While we do not for one minute underestimate the significance of loss of liberty for even one day, we cannot say that the State's plan in such cases is so unreasonable that it violates Equal Protection norms.

In sum, we find § 938 to be constitutionally sound.

C.

Having established that § 938 is constitutional, we now consider a principal contention made by the minors, namely, that a minor in similar circumstances bound over for Superior Court may receive probation. We pause to note that neither of the minors before us argues that he is not amenable to the Family Court processes and should be tried in the Superior Court.

We agree that, under the arguments made, the Superior Court "might" place on probation a minor found guilty of the same conduct as that charged to these minors. The State does not contend that the Court is without power to do so. But this one possibility loses much of its significance when one compares the difference in treatment between an amenable and a non-amenable juvenile.

Thus a non-amenable juvenile will not necessarily receive probation in the Superior Court, but instead may be subjected to a much longer prison term that the mandatory commitment period received by an amenable juvenile for the same conduct. In these cases, for example, the conduct alleged *290 to have been committed by each minor is burglary in the second degree, a felony in violation of 11 Del.C. § 825 for which the maximum period of incarceration is twenty years. See 11 Del.C. § 4205(b)(3). A non-amenable juvenile is subject to a public trial in Superior Court and, if convicted, is adjudged guilty of a felony and thereafter loses the right of suffrage. Del. Const. Art. V, § 2. And a conviction may be used as evidence against him in future judicial proceedings.[10]

In sharp contrast, in Family Court an amenable juvenile is afforded judicial treatment in his own best interest, 10 Del.C. § 902(a); he may have expunged from the Family Court records all evidence of arrest and adjudication, including fingerprints and photographs, § 930; he is not deemed a criminal nor charged with or prosecuted for a crime in any other court, § 931; the Family Court has varying dispositional alternatives, §§ 931, 937; the Family Court has discretion to order treatment for a juvenile, § 970; and § 972 assures the juvenile privacy and informality in the Family Court proceedings. Compare the Federal Youth Corrections Act, 18 U.S.C. §§ 5005 et seq., with the Delaware Act as to differences in treatment between youthful offenders sentenced under the Federal Act and those denied sentencing under it because the Court finds that the latter will not benefit from the Act's rehabilitative purposes. Dorszynski v. United States, 418 U.S. 424, 94 S. Ct. 3042, 41 L. Ed. 2d 855 (1974); 18 U.S.C. §§ 5010, 5011, 5014, 5015, 5017.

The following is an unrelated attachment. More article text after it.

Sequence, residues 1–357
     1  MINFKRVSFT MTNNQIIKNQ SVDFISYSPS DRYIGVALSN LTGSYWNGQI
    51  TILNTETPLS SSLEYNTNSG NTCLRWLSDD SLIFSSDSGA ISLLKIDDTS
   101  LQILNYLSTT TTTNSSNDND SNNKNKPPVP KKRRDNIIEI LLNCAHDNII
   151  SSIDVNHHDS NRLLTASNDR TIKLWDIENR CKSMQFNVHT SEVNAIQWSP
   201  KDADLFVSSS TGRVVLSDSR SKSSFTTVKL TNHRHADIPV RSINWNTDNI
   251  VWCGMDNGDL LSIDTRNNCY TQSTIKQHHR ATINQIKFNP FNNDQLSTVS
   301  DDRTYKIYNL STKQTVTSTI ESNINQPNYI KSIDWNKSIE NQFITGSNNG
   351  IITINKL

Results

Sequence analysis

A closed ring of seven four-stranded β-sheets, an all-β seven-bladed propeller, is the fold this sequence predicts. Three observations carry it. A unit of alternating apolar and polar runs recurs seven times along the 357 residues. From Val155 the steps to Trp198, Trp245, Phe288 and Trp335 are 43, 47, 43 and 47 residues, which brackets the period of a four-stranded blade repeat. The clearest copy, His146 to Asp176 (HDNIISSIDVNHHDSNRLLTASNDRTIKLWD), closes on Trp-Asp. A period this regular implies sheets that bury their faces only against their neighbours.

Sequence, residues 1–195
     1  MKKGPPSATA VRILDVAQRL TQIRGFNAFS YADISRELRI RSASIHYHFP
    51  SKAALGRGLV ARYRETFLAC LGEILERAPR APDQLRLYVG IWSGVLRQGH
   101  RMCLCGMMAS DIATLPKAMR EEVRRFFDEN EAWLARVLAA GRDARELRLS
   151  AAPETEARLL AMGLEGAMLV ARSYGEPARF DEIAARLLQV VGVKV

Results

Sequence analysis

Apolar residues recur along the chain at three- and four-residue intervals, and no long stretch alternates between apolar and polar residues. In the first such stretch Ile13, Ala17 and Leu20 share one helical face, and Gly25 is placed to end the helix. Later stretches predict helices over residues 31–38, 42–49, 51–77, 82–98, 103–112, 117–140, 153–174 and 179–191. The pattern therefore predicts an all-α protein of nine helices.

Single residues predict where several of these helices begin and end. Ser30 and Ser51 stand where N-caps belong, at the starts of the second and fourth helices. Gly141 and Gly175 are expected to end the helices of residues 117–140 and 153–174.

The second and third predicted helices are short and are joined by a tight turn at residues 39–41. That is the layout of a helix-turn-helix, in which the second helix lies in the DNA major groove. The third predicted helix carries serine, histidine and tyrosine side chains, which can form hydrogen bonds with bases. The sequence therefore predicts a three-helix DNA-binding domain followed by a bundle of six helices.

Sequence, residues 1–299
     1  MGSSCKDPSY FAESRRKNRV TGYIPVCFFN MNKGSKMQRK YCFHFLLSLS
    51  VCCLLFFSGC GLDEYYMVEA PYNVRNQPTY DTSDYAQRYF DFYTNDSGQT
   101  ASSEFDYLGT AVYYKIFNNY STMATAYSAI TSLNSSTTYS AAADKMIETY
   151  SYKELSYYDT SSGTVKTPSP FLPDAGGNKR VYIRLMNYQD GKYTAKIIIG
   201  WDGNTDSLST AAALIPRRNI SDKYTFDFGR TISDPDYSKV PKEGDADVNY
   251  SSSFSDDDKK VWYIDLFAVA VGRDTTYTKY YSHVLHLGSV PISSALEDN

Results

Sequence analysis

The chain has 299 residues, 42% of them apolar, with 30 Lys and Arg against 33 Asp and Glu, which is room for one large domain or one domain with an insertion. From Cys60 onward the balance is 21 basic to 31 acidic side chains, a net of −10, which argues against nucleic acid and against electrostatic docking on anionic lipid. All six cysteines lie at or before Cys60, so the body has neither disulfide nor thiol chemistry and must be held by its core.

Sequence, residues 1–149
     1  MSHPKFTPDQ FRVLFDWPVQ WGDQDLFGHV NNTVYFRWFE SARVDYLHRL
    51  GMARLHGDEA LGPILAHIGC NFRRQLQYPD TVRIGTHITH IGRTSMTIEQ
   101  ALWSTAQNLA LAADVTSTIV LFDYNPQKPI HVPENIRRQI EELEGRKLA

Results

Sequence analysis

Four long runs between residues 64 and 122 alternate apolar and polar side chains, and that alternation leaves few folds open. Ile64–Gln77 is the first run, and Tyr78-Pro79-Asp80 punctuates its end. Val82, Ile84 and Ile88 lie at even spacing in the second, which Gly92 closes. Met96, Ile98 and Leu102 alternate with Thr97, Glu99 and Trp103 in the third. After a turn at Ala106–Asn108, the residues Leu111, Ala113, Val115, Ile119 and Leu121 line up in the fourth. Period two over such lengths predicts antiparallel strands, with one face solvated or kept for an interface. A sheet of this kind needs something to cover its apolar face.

The minors rely on People v. Olivas, supra, in which the California Supreme Court held that a State statute authorizing a Youth Authority to maintain control over misdemeanants for any period in excess of the maximum jail term provided for adults for the same offense, violated the equal protection requirements of both its own and the Federal constitutions. While there appear to be some similarities between the California and Delaware statutes under which a juvenile may be referred for prosecution as an adult, see the footnotes at 131 Cal. Rptr. at 57, 551 P.2d at 377, Olivas involved a factually different situation from the one before us. The California case involved a statutory scheme which discriminated in sentences between misdemeanants aged 16 to 21 and those older than 21 who committed identical acts. To the time of sentencing the two classes were each prosecuted as adults, and convicted as adults. Indeed, that is what the California Supreme Court found to be constitutionally unsound, i. e., that:

"... despite the fact that they are treated in the same manner as any competent adult during the process which results in their convictions, such persons may be subjected to significantly greater terms of incarceration as a result of those convictions solely by reason of their age...." [S]uch a sentencing scheme constitutes a denial of equal protection...."

Olivas, supra, 131 Cal. Rptr. at 59, 551 P.2d at 379.

The Olivas Court expressly recognized that which it was not deciding:

"We are not confronted by a situation in which a juvenile adjudged under the Juvenile Court Law as a juvenile contends that his term of involuntary confinement may exceed that which might have been imposed on ... [a] juvenile who committed the identical unlawful act and was thereafter convicted in the criminal courts." (Emphasis supplied.)

Olivas, 131 Cal. Rptr. at 59, 551 P.2d footnote 11 at 379.